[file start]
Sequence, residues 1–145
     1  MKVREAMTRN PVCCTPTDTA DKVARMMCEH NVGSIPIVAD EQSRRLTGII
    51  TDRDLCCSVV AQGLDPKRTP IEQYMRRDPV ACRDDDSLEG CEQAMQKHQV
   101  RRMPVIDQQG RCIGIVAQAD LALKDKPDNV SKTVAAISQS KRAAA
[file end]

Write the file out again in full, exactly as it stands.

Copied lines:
Sequence, residues 1–145
     1  MKVREAMTRN PVCCTPTDTA DKVARMMCEH NVGSIPIVAD EQSRRLTGII
    51  TDRDLCCSVV AQGLDPKRTP IEQYMRRDPV ACRDDDSLEG CEQAMQKHQV
   101  RRMPVIDQQG RCIGIVAQAD LALKDKPDNV SKTVAAISQS KRAAA